RISK OF REACTIVATION OR REINFECTION OF NOVEL CORONAVIRUS: A STUDY BASED ON CASE REPORTS
Coronavirus disease (COVID-19) is an infectious disease caused by a newly discovered coronavirus. Most people who fall sick with COVID-19 will experience mild to moderate symptoms and recover without special treatment. The virus that causes COVID-19 is mainly transmitted through droplets generated when an infected person coughs, sneezes, or exhales. These droplets are too heavy to hang in the air, and quickly fall on floors or surfaces. Someone can be infected by breathing in the virus if you are within close proximity of someone who has COVID-19, or by touching a contaminated surface and then your eyes, nose or mouth. In December 2019, a pneumonia outbreak was reported in Wuhan, China. On 31 December 2019, the outbreak was traced to a novel strain of coronavirus, which was given the interim name 2019-nCoV by the World Health Organization (WHO), later renamed SARS-CoV-2 by the International Committee on Taxonomy of Viruses. As of 26 July 2020, there have been at least confirmed deaths and more than 16,055,909 confirmed cases in the COVID-19 pandemic. The Wuhan strain has been identified as a new strain of Beta-coronavirus from group 2B with approximately 70% genetic similarity to the SARS-CoV. The virus has a 96% similarity to a bat coronavirus, so it is widely suspected to originate from bats as well. The pandemic has resulted in travel restrictions and nationwide lockdowns in many countries.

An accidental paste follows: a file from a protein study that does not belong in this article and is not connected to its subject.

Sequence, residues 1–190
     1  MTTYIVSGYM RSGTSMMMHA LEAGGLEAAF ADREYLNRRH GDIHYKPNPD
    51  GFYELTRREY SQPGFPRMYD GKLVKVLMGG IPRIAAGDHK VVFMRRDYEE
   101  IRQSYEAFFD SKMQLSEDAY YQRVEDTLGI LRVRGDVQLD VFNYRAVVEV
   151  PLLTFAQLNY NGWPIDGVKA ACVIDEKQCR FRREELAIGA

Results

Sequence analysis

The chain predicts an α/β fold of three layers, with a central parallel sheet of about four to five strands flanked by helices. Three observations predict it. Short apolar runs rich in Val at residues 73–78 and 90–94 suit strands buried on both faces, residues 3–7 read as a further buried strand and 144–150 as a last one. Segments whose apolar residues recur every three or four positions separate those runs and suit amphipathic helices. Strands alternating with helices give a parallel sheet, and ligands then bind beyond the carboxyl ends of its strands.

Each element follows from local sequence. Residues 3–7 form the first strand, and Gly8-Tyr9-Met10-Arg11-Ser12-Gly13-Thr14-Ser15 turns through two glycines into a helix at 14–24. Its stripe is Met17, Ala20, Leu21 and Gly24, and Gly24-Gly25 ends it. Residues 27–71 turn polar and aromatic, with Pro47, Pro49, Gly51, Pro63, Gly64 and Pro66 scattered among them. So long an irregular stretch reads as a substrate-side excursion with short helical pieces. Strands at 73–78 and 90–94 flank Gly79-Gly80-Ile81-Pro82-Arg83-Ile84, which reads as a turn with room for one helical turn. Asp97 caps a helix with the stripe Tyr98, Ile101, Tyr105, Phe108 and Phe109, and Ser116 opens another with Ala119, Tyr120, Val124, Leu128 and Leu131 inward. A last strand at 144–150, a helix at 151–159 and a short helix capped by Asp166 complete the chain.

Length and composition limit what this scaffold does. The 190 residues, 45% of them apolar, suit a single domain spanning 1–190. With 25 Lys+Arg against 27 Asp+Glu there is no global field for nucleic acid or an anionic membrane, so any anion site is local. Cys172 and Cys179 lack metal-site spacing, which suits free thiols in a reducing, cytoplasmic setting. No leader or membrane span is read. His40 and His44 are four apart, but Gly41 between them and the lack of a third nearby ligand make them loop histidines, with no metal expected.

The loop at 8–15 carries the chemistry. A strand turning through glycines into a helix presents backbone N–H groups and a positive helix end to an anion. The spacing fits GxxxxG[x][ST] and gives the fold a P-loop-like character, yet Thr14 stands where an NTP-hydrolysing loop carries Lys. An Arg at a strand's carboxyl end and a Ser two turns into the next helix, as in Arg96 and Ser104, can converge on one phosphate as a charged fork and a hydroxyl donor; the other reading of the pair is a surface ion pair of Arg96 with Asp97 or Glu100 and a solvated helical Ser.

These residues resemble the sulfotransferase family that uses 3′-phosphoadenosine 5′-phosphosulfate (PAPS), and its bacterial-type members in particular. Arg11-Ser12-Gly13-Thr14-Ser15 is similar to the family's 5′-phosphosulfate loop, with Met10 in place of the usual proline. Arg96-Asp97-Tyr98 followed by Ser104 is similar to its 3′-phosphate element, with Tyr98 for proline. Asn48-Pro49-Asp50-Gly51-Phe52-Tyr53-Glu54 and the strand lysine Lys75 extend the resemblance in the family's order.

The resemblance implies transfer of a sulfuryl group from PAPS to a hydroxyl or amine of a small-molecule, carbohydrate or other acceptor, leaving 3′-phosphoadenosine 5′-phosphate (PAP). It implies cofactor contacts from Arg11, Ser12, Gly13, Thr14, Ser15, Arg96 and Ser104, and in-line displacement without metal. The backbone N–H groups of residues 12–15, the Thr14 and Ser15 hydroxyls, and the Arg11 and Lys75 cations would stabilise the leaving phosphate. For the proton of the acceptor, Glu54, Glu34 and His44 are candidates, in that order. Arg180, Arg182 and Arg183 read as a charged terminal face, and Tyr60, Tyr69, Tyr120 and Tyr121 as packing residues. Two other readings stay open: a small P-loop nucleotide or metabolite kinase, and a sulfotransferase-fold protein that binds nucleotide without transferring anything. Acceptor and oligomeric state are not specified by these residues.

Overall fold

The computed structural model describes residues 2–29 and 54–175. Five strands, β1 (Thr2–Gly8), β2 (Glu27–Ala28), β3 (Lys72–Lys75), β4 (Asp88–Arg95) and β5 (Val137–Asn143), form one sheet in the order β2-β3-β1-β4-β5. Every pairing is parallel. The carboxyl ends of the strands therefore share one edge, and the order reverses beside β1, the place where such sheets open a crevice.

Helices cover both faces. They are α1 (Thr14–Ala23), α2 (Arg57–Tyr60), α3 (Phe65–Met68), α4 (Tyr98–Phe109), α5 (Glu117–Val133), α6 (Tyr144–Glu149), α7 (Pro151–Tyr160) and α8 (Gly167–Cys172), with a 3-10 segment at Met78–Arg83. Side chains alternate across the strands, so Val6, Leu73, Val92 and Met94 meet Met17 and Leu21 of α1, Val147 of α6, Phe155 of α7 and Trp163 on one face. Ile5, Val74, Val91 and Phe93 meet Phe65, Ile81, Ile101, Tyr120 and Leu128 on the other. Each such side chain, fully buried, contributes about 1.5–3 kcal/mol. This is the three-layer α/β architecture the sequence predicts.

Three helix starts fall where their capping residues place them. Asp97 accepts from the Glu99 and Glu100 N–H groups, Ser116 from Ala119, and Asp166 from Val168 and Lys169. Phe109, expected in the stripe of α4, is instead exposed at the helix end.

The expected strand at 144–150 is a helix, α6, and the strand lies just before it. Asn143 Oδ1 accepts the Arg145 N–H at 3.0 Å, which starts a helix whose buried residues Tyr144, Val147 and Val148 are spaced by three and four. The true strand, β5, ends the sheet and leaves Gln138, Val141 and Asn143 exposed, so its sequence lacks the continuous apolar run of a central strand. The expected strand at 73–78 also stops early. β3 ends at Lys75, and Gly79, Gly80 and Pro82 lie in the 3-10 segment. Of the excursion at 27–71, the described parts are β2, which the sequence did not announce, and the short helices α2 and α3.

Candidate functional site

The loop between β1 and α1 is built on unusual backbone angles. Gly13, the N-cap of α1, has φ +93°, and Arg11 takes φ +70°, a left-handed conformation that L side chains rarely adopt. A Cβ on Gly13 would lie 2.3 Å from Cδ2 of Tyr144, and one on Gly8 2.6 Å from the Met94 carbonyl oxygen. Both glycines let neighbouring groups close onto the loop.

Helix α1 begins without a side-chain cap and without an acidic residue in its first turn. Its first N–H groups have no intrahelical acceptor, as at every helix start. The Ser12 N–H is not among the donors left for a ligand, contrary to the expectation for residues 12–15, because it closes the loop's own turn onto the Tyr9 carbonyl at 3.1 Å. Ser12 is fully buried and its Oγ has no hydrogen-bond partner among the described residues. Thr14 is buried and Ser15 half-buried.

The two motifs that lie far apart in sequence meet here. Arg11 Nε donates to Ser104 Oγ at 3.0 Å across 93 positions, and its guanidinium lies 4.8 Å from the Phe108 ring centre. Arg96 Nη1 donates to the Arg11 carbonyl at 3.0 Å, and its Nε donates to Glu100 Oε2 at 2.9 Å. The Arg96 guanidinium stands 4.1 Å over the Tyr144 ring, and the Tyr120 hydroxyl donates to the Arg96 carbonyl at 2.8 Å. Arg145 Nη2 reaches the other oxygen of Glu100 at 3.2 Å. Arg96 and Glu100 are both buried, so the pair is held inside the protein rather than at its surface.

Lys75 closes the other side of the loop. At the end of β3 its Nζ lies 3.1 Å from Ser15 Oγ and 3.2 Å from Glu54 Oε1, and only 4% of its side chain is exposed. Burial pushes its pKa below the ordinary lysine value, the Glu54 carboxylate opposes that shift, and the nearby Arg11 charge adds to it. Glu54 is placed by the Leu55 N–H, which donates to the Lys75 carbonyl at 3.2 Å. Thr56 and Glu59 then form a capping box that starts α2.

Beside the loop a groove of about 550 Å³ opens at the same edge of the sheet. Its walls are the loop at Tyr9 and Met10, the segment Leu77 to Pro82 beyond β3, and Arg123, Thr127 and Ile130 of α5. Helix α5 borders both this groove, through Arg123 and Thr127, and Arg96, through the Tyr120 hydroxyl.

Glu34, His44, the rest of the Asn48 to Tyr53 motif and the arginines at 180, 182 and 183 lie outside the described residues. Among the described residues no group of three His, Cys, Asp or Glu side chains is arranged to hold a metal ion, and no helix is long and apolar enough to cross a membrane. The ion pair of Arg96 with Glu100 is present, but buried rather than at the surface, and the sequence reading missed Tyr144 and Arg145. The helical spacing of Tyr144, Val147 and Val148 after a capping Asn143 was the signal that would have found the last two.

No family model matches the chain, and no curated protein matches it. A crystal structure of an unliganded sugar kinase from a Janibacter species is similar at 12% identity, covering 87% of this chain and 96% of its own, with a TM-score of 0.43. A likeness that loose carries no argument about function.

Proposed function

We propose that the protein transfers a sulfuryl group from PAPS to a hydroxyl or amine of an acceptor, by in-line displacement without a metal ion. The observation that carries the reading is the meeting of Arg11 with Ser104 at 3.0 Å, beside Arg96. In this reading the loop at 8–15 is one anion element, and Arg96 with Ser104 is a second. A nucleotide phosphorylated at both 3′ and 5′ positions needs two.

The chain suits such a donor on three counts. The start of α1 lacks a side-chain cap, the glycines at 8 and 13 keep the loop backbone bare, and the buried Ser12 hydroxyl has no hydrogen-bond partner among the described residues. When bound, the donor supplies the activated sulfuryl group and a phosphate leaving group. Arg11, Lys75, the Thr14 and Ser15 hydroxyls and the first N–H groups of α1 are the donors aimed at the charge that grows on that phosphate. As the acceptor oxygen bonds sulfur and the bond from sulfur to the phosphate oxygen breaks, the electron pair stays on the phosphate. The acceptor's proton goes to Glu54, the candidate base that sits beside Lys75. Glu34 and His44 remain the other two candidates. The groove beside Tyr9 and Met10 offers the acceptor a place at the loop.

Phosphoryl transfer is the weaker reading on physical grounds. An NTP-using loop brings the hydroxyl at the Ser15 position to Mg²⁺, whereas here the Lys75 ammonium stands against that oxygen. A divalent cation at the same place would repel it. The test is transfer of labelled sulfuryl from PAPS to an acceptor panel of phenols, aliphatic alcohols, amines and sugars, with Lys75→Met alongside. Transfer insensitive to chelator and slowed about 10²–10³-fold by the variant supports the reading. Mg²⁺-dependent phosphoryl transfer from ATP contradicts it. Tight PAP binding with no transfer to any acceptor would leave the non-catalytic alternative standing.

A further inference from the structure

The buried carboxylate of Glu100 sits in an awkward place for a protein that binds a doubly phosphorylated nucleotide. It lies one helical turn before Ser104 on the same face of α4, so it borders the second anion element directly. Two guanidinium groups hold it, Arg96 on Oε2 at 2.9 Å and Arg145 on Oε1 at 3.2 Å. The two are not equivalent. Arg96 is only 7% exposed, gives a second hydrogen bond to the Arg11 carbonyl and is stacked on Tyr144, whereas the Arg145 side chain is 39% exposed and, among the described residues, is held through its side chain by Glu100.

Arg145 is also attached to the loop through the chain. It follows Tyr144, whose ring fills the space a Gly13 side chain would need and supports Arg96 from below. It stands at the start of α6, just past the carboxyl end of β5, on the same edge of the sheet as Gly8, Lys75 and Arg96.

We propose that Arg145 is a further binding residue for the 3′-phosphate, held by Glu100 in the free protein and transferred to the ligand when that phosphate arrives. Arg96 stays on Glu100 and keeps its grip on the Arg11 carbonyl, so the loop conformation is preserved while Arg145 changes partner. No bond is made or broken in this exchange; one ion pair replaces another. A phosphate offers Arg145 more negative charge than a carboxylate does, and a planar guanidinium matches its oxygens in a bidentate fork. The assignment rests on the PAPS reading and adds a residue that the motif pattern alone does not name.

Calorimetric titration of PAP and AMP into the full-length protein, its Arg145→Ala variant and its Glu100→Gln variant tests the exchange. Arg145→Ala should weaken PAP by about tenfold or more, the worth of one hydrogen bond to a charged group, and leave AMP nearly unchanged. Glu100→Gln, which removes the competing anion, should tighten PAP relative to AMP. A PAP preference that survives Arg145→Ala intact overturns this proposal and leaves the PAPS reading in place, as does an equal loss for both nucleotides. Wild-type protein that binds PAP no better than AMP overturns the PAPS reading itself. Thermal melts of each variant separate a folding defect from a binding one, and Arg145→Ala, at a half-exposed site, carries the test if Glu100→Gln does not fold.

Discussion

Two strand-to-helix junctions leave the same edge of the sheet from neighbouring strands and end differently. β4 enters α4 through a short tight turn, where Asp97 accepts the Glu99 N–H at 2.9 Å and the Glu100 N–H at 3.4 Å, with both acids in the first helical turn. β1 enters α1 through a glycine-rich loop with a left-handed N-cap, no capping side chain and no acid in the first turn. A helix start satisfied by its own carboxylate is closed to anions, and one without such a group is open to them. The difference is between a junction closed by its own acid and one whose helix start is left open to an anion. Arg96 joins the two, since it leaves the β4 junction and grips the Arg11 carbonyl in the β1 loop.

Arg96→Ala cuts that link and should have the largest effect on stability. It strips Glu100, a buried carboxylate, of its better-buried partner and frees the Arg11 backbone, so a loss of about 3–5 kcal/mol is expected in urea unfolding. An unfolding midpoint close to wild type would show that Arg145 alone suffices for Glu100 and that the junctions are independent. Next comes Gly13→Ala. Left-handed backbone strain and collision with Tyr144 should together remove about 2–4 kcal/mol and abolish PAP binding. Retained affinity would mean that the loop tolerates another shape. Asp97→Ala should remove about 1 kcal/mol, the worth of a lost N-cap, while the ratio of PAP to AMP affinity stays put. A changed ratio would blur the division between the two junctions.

Key words: Reactivation, Reinfection, Novel Coronavirus